We’d play the 4D, which was a folk club, on Saturday afternoons. Neil really wanted to amalgamate folk and rock, even before everyone else was doing it. He wanted to give new arrangements to certain traditional songs. When we got there one night, The Company were playing, which was the group Stephen Stills was in. I suppose it was quite an historic moment. I’m not sure exactly what went down between them, but I know they almost made a pact to meet up later. It actually turned out to be a year later, which was when the Buffalo Springfield got started. Neil was driving the hearse down Sunset Boulevard in Hollywood and Stephen and Richie were in a car going the other way. They recognised the hearse and saw it had Ontario licence plates, so did a quick U-turn and directed Neil to go to this parking lot. And that was the cementing of the Buffalo Springfield.

I’d actually met Richie Furay before, in New York. Neil and I had done a gig on Halloween at a ski resort in Killington, Vermont. After that we decided to go straight to New York to see Stephen [November 1965]. But Richie was living there instead. He was the cousin of the lady who put us up for a couple of days. Neil had written “Nowadays Clancy Can’t Even Sing” in the early days in Toronto, after he’d left Fort William, and he played that song for Richie when we got there. I remember Richie was really interested in it. He thought it was a really cool song. Neil may have written “Sugar Mountain” while he was in Toronto too. He had a 12-string acoustic guitar and would play folk houses on an ad hoc basis, as and when he could, so he could make some money to live on. He was pretty scared when he was in Toronto, because he wanted a career in music but the doors weren’t opening for him. It was a difficult time. That’s why he ended up eventually going to Los Angeles.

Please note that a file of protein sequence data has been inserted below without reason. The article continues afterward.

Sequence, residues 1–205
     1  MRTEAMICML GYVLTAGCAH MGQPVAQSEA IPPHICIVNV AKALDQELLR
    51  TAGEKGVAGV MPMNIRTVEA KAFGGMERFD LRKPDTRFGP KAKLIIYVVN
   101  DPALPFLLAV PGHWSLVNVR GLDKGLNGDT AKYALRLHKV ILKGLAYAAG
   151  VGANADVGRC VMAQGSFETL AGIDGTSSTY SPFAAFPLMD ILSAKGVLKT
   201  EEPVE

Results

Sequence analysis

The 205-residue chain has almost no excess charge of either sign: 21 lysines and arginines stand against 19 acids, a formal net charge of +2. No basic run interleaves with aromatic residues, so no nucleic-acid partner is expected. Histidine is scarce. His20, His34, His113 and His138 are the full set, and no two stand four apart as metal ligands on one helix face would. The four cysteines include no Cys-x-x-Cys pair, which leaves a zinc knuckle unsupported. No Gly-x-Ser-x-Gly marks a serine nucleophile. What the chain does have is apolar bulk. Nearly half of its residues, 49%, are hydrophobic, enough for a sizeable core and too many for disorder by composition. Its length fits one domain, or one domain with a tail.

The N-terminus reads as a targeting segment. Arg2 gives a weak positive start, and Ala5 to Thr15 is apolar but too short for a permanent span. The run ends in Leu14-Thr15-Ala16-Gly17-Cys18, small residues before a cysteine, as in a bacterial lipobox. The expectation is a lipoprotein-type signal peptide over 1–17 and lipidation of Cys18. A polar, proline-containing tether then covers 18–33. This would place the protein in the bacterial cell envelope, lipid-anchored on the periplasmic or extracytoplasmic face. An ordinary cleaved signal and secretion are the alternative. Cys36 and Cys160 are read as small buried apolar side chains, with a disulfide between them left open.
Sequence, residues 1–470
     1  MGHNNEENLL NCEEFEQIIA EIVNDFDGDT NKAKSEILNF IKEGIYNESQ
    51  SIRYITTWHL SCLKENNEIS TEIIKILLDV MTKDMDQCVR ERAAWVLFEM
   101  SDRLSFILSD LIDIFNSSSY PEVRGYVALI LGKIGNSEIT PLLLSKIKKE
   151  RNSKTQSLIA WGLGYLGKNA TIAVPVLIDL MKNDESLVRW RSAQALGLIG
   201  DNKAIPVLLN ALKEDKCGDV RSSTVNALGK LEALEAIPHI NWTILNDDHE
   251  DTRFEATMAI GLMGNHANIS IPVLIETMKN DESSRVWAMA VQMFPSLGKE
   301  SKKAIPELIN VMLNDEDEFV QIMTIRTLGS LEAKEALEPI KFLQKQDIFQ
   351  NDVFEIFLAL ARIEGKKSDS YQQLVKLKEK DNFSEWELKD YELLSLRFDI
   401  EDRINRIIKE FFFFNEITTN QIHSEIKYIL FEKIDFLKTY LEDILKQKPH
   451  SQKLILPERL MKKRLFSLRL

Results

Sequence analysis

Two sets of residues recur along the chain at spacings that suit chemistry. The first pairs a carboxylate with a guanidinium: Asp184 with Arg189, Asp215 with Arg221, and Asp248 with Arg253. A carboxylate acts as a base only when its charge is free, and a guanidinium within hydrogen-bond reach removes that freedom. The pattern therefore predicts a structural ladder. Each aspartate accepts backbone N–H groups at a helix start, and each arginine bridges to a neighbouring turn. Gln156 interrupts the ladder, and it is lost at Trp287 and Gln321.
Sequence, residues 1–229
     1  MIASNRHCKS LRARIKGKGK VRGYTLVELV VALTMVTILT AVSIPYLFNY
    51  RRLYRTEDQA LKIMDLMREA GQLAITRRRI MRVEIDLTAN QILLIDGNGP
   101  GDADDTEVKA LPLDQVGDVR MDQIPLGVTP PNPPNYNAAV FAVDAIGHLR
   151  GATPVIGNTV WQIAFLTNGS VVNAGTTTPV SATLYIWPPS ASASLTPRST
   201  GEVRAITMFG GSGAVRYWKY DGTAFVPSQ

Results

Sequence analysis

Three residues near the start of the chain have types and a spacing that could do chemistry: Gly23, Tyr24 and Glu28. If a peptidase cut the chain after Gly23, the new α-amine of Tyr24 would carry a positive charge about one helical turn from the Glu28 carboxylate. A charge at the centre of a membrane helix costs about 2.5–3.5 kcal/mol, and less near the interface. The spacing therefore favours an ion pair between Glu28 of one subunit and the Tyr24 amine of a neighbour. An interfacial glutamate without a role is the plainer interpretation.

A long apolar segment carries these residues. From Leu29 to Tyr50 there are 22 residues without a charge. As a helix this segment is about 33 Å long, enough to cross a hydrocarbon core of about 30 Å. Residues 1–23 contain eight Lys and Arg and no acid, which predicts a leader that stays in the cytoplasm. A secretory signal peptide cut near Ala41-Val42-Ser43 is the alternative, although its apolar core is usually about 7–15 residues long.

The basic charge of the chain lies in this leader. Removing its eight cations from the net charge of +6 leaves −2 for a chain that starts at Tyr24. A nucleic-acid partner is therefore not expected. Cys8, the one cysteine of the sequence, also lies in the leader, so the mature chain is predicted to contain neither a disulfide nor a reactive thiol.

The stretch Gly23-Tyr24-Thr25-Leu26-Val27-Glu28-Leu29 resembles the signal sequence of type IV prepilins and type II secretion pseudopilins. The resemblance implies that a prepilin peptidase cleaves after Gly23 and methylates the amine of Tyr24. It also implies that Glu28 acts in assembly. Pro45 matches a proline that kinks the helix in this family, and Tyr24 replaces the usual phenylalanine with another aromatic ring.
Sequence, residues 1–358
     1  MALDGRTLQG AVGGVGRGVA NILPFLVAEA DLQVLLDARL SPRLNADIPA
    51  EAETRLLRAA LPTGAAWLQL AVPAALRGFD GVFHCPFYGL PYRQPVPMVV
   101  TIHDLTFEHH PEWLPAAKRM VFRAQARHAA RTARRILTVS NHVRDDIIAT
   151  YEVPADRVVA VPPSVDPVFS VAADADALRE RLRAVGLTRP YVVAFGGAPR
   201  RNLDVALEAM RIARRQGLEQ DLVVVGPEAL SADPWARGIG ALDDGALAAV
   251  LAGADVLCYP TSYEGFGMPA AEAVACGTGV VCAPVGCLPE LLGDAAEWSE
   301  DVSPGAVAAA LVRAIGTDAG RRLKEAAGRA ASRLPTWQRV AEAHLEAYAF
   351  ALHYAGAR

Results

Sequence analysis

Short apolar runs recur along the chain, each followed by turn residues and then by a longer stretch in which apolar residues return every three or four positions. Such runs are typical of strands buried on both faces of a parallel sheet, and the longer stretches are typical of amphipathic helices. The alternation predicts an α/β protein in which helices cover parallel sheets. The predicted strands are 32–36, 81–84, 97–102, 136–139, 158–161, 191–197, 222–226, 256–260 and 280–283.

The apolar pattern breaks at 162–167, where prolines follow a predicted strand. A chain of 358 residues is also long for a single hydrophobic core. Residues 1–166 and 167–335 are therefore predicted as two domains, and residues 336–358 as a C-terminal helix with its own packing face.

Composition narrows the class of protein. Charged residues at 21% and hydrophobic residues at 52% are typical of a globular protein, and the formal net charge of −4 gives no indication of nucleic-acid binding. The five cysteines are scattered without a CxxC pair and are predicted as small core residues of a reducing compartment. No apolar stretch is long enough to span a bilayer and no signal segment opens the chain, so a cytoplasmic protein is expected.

The original Squires really broke up in ’64, when Kenny [Smyth] and Allan [Bates] left. Neil and I got some other musicians and went our own way, but it was a lot more off-the-cuff after that. When it came time to go to LA, I actually preceded Neil there. It was the very beginning of the Buffalo Springfield, which was just Stephen, Richie and myself. Stephen had called me up in Regina and told me he had a group and could I come down. When I got there, he didn’t really have a group, but was adamant about starting something with Neil. He knew Neil had left Toronto and was driving to Los Angeles. So if that chance meeting on Sunset Boulevard hadn’t happened, a lot of things wouldn’t have been done.

How was the dynamic of Buffalo Springfield when I stepped back in to replace Bruce Palmer later on? Well, let’s just say I thought it was going to be for a while, but it turned out shorter than I thought. I played with them on their first tour in ’67. We ended up playing three places, then we called it off. Stephen was saying something about not fulfilling their contract, but I wanted to stay with the band. Neil only mentioned it afterwards, when he said he could have maybe provided me with a cassette tape of the bass parts because I don’t think I was playing them correctly. Neil had already left the band before. For some gigs he didn’t even show up.
I was surprised when Neil dedicated “Broken Arrow” to me. I thought it was a good gesture because it showed me that he didn’t carry any animosity towards me. I notice some CDs don’t have the dedication on there, but it may be there on Archives.

Neil has a unique way of writing. He writes what some people might even call weird songs. And he changes his point of view from time to time, but he’s steady and sturdy inside. The last time I saw him was 1991, I think, after he’d done a concert in San Francisco. He was playing at Cow Palace with Sonic Youth and maybe another band [Social Distortion]. I went backstage to say hi and we talked for a few minutes. Sonic Youth were using a lot of feedback and I think Neil picked up on it and used it to effect on the album he recorded [Weld]. Neil was deemed the Don of Grunge at some point. He had such a unique sound and he’d work on it until perfection, even in the early days. He had this Fender Deluxe amp and a guy who knew electronics would work on it for him so that he could change the sounds from this big red pedal he had.

INTERVIEW: ROB HUGHES